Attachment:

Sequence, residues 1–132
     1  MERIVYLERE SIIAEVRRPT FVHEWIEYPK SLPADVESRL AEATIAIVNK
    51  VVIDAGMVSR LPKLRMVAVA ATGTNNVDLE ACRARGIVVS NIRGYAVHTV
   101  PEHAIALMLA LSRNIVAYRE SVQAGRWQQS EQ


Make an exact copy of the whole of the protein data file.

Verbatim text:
Sequence, residues 1–132
     1  MERIVYLERE SIIAEVRRPT FVHEWIEYPK SLPADVESRL AEATIAIVNK
    51  VVIDAGMVSR LPKLRMVAVA ATGTNNVDLE ACRARGIVVS NIRGYAVHTV
   101  PEHAIALMLA LSRNIVAYRE SVQAGRWQQS EQ